I give up.
Normally those words do not come out of my mouth. It’s not that I’m blessed with superhuman tenacity—I just don’t like something to get the better of me. If I start it, I want to finish it.
Unfortunately, I had met my match. Several years ago, my father-in-law pulled into our yard with a two-seater go-cart in the back of his truck. The kids thought it was great. We deposited our share of combusted fuel into the ozone layer as we tore up the parking lot of the church next door.
Then the inevitable happened. The thing gave up the ghost. It took a decent amount of luck to get it started and a flat-out miracle to keep it running. So, drawing on my latent knowledge from a small engines 4-H class I took when I was in junior high, I tackled the project. After all, how difficult could it be to get a 5 HP engine running again?
I have to say that I was rather proud of myself for a while. I replaced the gaskets and cleaned out the gas tank and pickup tube. However, when I reassembled all the parts, I could not get the throttle cable to connect. It just didn’t fit. I’m still convinced that the neighbor swapped out some parts just to spite me. After multiple attempts over several months, I had to admit defeat. I threw the whole mess on the trailer and brought it back to my father-in-law.
All of us have failed in some area of our lives, often with disastrous results. Unlike a go-cart, we can’t just shove the mess in the shed for a while thinking “out of sight, out of mind.”
Maybe your failure was a sin. You can’t believe you did it, but you did.
What do you do now? Is there any hope? Is there life after failure?
I have good news for you. There is hope, and we learn that from a guy who sunk to the deepest level possible. You may have heard of him. His name is Peter, the disciple of Jesus.
Peter was an everyday country boy who became a fisherman, eventually transforming into one of the most venerated followers of Jesus. He had the privilege of walking on the water, seeing the transfiguration of Jesus, and, along with John, being the first of the disciples to see the empty tomb. Furthermore, he wrote two books of the Bible, and, according to history, died a martyr.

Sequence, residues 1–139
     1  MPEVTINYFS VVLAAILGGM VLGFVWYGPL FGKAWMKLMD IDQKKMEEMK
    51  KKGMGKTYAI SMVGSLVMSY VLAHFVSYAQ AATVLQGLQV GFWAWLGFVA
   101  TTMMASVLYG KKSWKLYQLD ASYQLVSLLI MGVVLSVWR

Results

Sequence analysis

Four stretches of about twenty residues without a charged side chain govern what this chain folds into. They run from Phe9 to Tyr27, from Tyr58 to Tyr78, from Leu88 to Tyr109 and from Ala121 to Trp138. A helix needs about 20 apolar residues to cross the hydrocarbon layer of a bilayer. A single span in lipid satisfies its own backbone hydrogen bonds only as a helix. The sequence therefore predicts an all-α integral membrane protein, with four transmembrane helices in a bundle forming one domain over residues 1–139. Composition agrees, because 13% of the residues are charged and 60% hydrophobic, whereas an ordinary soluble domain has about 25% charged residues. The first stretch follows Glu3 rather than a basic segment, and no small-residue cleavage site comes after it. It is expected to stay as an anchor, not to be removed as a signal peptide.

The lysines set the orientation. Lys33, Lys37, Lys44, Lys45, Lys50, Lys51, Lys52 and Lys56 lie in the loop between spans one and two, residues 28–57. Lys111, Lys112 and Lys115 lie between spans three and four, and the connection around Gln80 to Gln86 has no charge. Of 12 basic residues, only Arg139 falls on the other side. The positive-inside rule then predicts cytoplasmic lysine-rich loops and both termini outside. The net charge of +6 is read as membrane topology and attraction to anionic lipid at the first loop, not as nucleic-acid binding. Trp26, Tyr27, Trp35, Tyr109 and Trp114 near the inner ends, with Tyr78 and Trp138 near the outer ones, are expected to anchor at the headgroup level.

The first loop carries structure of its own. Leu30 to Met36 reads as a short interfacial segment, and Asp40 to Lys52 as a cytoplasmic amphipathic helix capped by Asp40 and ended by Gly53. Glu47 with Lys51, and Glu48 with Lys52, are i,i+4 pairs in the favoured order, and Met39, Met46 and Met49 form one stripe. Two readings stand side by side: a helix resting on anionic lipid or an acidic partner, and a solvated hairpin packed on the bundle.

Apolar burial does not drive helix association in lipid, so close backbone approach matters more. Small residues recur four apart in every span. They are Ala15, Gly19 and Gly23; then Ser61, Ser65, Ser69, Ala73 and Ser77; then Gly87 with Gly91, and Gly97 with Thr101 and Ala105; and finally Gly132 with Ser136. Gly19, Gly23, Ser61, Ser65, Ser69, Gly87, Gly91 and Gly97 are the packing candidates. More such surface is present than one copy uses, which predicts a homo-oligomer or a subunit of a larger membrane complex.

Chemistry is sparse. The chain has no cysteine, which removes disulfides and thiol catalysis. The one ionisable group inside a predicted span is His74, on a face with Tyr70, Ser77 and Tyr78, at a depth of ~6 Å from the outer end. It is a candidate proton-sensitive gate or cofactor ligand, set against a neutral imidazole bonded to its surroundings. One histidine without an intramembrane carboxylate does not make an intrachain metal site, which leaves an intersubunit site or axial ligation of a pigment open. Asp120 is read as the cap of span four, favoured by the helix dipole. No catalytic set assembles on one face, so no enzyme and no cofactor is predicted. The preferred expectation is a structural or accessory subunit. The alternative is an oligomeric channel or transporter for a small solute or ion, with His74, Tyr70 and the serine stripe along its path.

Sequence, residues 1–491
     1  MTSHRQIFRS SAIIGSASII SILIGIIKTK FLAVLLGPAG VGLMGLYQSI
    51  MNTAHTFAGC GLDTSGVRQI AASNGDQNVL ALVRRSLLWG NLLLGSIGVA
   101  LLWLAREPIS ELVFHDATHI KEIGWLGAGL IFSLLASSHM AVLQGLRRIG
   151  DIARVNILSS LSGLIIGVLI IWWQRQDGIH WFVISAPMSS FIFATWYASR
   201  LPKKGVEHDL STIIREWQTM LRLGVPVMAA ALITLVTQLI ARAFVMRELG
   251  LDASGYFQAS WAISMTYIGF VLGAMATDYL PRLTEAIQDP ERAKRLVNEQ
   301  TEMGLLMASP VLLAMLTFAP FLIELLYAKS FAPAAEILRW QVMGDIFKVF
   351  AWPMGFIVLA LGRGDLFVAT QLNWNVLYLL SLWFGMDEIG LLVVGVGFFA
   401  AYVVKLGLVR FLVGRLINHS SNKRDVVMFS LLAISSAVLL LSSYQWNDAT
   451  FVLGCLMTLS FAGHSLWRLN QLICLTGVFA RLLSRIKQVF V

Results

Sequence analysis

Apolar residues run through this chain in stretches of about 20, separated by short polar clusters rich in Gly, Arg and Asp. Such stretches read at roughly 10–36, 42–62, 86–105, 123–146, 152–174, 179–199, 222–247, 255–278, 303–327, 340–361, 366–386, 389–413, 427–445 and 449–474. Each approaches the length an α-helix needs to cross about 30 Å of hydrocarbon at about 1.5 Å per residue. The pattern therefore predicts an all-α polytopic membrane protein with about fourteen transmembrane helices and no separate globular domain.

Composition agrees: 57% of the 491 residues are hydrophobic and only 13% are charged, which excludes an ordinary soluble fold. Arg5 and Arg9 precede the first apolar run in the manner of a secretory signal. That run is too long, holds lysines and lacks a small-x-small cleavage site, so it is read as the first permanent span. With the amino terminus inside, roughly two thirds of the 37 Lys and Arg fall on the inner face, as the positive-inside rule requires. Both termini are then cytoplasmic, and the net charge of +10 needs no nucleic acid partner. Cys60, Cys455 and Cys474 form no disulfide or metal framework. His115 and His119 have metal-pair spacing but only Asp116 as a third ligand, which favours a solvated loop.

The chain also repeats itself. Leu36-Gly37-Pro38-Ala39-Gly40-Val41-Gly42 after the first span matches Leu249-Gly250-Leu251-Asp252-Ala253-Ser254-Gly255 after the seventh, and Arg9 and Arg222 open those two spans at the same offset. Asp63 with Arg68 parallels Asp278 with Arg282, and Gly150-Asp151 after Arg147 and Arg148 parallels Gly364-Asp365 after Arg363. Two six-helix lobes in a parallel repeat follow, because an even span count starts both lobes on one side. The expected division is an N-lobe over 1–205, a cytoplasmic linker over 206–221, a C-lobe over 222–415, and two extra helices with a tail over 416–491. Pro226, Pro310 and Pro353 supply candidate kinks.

That looks like a pretty good resume to me. Would we say that he was a failure? Of course not.
But did he ever fail? Boy, did he ever, and in a way that we can hardly imagine.
Peter never thought he would fail. In fact, when Jesus predicted that he would deny Him three times before the rooster crowed the next morning, he vehemently disagreed. With a twinge of self-righteousness, he boasted that “Even if all are made to stumble because of You, I will never be made to stumble” (Matthew 26:33).
Me? Deny Jesus? No way!
A few hours later, however, he did the unthinkable. As he warmed himself by a fire outside of the kangaroo court that was unfairly trying Jesus, he emphatically denied three times that he had nothing to do with the accused.
But then the rooster crowed. Realizing what he had done, Peter “went out and wept bitterly” (Matthew 26:75).
Would we have done the same thing as Peter in that situation? We would like to think not, but remember, he didn’t think he would do it either. In spite of our noble intentions, we still may fail.
Every time we fail, we have a decision to make, and that decision will determine whether we live a defeated life or a vibrant life.
The decision is surprisingly easy. We only have two options.
Option #1: Regret and quit
That’s the easy one. Peter may have remembered the times he doubted Jesus while walking on the water or when he fell asleep in the garden and thought, “I’ve done it again. I’m nothing but a failure. I quit.”
That’s the path Judas took. He had betrayed Jesus the same night, but he went out and took his life. Judas allowed his failure to define himself permanently.
Fortunately, there is another option:
Option #2: Repent and restart
Repent is different than regret. With regret, we wish things were different. With repentance, we make them different.
Peter decided he would pick himself up and go after it again. Next time he would do better.
Peter made the right decision. Although we all know about his mistakes, we know him better for his successes. On the other hand, we define Judas by his failure.
Will we fail? Probably. But there is a difference between having a failure and being a failure.
I have a failure when I make a mistake. I am a failure when I quit.
That’s the difference. Judas quit, so he was a failure. Peter gathered up the pieces and tried again—this time with enviable faithfulness.
Don’t give up! You can do the same.